Monday, 29 July 2013

TAMPA ~ Caught in controversy OR Courting controversy?



Meg says...
Psychopaths exist on all levels. You probably know one, you may not think they are a psychopath, but I bet you know one. The beauty about psychopaths is that they hide it well, very well. Some may hide it so well they have colleagues wrapped around their finger, partners content and friends oblivious. Imagine what you could do with this freedom?

Celeste Price is a perfect example of this psychopathic description and has known from a young age what she likes. This as a simple statement sounds like a woman ‘doing it for herself’. However (and this is why this book has been banned from certain bookshops and has been branded the most controversial book of the year) 26 year old Celeste Price likes having sex with young teenage boys. So much so that she has become a teacher to get close to the cream of the crop.

Before I go any further I would like to stress that the subject matter should in no way take away from the brilliant prose and the bleak feeling that emanates from this book of loneliness and self imposed isolation. I will get to the ‘controversy’ soon, but I want this first novel from Alyssa Nutting to be given the review it deserves without the clutter of ‘controversy’. Although the story left me a little empty, the journey of a character so selfish and determined to do whatever that void inside her demands in a very clever and ruthless way was an extremely satisfying one. Nutting’s descriptive language is an absolute joy to immerse yourself in, and although time seems to fly by in a chunky and sometimes cluttered way, you forgive the author as this is true to form for anyone in life narrating a large, important event.

I did not find this novel to be shocking or controversial at all. Perhaps my age and past reading has dulled me/prepared me. Yes, the book is full of sexual acts performed with a few young boys. Yes this is shocking and I do not under any circumstances condone this behaviour. Yes, Nutting has brilliantly created a psychopathic character that you wouldn’t want near your kids. But it is not so much the acts that should shock us, but the blatant ease that seems to come from our psychopath getting her way.

Perhaps a few may say it is shocking because it is a woman who likes young boys, or because a woman wrote it, or are we happy to read about violence and mind games and death, yet sex still is not ‘taboo’. If a man wrote this it would it be applauded and labeled ‘an excellent fantasy come to life’? I’m sure different people will see it differently and that is what I love about fiction.

Through all its veils of 'shock factor' publicity, this novel is ultimately about things that can break. A marriage, a rule, a plan. Dark, and funny, I think it’s a must for anyone who loves Brett Easton Ellis, Hitchcock films or anything that makes you raise that eyebrow.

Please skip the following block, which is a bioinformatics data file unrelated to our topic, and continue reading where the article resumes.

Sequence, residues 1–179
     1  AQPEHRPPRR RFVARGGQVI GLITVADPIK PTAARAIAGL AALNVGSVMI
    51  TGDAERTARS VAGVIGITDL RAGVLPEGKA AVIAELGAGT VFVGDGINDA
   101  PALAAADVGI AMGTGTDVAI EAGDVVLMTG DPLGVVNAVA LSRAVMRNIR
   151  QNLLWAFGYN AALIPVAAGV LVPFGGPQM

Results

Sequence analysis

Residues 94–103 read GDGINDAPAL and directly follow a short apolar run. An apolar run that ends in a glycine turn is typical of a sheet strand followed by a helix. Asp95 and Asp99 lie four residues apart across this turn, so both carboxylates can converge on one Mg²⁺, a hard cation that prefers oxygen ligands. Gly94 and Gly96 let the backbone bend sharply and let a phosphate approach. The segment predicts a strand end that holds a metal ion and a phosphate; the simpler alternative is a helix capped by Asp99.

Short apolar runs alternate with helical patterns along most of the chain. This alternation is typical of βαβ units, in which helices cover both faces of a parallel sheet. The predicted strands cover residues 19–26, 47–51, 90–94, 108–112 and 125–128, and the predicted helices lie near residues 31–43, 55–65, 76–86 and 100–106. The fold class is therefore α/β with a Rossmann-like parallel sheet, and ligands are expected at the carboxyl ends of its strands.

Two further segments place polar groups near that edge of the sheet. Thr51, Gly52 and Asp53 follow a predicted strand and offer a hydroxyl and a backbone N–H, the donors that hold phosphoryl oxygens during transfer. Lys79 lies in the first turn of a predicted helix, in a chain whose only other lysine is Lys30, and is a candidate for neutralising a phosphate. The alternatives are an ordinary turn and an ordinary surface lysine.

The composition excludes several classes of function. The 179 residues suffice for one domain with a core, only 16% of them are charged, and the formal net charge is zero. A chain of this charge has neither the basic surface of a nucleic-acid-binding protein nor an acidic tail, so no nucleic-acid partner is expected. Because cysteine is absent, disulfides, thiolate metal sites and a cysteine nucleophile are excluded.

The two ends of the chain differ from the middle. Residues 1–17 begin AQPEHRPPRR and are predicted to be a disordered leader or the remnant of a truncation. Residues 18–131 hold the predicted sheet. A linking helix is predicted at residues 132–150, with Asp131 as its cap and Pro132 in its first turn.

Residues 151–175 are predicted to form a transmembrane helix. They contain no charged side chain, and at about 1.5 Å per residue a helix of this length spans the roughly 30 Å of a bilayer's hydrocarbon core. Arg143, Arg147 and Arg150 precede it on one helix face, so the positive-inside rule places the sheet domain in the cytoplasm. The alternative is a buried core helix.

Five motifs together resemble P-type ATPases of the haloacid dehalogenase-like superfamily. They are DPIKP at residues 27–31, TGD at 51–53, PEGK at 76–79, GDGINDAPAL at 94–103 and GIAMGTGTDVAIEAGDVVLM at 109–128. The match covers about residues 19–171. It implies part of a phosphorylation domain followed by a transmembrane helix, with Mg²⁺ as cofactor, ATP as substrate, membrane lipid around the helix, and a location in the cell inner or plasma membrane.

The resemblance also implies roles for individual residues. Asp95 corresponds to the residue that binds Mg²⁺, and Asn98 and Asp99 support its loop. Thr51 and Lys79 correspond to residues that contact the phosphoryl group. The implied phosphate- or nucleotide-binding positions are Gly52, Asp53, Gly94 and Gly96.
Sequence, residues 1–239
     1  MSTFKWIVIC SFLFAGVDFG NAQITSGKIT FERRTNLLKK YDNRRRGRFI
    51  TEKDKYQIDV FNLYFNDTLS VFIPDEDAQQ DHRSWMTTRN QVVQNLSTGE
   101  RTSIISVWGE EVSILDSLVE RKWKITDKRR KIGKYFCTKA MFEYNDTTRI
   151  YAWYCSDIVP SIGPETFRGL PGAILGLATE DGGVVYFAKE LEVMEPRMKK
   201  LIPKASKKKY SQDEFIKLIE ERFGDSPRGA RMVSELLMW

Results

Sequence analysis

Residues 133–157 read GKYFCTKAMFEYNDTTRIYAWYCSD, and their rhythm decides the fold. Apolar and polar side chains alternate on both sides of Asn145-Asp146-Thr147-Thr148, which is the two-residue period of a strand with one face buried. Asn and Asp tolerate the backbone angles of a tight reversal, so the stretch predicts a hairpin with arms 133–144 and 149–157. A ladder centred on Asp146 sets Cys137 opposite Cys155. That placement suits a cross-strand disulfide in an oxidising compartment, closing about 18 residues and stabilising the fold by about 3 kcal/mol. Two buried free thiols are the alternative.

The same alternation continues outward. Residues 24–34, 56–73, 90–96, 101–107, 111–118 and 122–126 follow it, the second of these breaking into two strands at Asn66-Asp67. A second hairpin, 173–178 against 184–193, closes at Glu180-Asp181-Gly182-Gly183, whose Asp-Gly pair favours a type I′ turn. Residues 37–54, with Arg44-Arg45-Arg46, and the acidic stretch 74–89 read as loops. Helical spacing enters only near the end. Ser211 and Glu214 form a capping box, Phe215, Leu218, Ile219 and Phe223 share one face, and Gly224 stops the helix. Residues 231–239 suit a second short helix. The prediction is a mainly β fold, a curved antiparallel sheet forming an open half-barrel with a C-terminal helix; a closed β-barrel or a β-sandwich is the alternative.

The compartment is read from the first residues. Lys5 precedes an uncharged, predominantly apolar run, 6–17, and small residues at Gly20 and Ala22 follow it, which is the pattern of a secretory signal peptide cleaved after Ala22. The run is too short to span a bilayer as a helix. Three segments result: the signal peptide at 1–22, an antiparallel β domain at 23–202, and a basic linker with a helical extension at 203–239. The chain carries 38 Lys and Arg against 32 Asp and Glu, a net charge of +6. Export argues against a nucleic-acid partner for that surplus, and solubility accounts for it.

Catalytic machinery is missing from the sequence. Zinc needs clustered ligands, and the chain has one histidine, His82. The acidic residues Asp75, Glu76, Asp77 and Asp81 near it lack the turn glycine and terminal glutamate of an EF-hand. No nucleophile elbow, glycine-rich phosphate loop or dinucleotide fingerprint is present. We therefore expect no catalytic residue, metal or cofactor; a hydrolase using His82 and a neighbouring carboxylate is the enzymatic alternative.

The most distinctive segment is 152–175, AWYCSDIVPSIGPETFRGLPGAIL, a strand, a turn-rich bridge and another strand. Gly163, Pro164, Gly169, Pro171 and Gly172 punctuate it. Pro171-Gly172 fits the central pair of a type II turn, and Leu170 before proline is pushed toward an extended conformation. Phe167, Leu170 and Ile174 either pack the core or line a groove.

Lindy says...
My colleague Meg is younger than me (I hate to admit I could be her mother's age!) I don't think I'm particularly shocked by topics, but I guess I am at a stage where I want more than deliberate courting of controversy. I want a moral depth, or an intellectual angle, or to be shown something I haven't thought of before, or at the very least a way with words and style. Perhaps now my response to books says more about me, than about the books.

Tampa was highly recommended to me a couple of months ago by people in the publishing house whose opinions I'm inclined to trust. I wasn't convinced by the opening scene that it was a book I wanted to spend much time with, but perhaps it needed a bit more reading before I threw it in the discard pile. Well, I admit to skimming some of the book, but I did read it through to the end. And felt a bit soiled by the experience - so maybe it was a marvellous piece of writing in that it had me reading through to the finish and responding quite definitely to the character. Maybe it meant the character of Celeste Price, no matter how repulsive, was extremely well conveyed. By the time she had groomed one pre-pubescent boy, seduced his father so she had more reasons to access his son, lied to every person in her life except her own self-satisfied (sometimes literally) character, facilitated and allowed a death, discarded her original target for another dewy but more worldly boy, and then been discovered, charged and released - well I was repulsed. Celeste is an undeveloped character who will never develop, and can't. She is forever stuck in her unsavoury unpleasantness. She is unredeemable, and unredeemed - not that she cares. And nor could I.

But I wouldn't censor the book. It wasn't something I enjoyed in any way, but others might get something from it where I couldn't. In the end, that's what books and reading are about: your own personal response.

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